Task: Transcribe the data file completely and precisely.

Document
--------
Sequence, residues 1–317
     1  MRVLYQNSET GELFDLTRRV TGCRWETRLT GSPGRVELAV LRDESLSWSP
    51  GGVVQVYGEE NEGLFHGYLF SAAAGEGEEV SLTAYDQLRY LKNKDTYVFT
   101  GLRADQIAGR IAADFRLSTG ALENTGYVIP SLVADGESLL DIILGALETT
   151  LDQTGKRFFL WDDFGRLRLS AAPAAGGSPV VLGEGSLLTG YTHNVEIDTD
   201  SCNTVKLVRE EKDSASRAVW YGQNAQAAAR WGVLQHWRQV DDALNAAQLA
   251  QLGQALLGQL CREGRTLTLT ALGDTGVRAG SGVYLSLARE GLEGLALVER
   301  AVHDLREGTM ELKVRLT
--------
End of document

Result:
Sequence, residues 1–317
     1  MRVLYQNSET GELFDLTRRV TGCRWETRLT GSPGRVELAV LRDESLSWSP
    51  GGVVQVYGEE NEGLFHGYLF SAAAGEGEEV SLTAYDQLRY LKNKDTYVFT
   101  GLRADQIAGR IAADFRLSTG ALENTGYVIP SLVADGESLL DIILGALETT
   151  LDQTGKRFFL WDDFGRLRLS AAPAAGGSPV VLGEGSLLTG YTHNVEIDTD
   201  SCNTVKLVRE EKDSASRAVW YGQNAQAAAR WGVLQHWRQV DDALNAAQLA
   251  QLGQALLGQL CREGRTLTLT ALGDTGVRAG SGVYLSLARE GLEGLALVER
   301  AVHDLREGTM ELKVRLT